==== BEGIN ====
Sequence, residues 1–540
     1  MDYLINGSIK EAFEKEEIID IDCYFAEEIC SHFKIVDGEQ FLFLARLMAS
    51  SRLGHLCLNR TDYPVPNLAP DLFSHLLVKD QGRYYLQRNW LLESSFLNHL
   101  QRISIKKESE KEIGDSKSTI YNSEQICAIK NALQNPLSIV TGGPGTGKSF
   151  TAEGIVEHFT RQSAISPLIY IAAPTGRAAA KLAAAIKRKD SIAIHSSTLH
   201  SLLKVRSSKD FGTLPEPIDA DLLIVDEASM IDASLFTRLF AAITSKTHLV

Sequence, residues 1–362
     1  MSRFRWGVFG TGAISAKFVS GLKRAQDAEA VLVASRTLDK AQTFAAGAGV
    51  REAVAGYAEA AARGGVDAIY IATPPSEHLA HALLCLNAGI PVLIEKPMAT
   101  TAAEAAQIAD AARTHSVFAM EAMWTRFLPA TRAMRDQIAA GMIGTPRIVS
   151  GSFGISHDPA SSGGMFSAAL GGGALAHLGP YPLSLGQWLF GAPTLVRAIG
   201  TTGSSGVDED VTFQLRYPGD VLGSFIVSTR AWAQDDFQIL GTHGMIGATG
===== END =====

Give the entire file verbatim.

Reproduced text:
Sequence, residues 1–540
     1  MDYLINGSIK EAFEKEEIID IDCYFAEEIC SHFKIVDGEQ FLFLARLMAS
    51  SRLGHLCLNR TDYPVPNLAP DLFSHLLVKD QGRYYLQRNW LLESSFLNHL
   101  QRISIKKESE KEIGDSKSTI YNSEQICAIK NALQNPLSIV TGGPGTGKSF
   151  TAEGIVEHFT RQSAISPLIY IAAPTGRAAA KLAAAIKRKD SIAIHSSTLH
   201  SLLKVRSSKD FGTLPEPIDA DLLIVDEASM IDASLFTRLF AAITSKTHLV

Sequence, residues 1–362
     1  MSRFRWGVFG TGAISAKFVS GLKRAQDAEA VLVASRTLDK AQTFAAGAGV
    51  REAVAGYAEA AARGGVDAIY IATPPSEHLA HALLCLNAGI PVLIEKPMAT
   101  TAAEAAQIAD AARTHSVFAM EAMWTRFLPA TRAMRDQIAA GMIGTPRIVS
   151  GSFGISHDPA SSGGMFSAAL GGGALAHLGP YPLSLGQWLF GAPTLVRAIG
   201  TTGSSGVDED VTFQLRYPGD VLGSFIVSTR AWAQDDFQIL GTHGMIGATG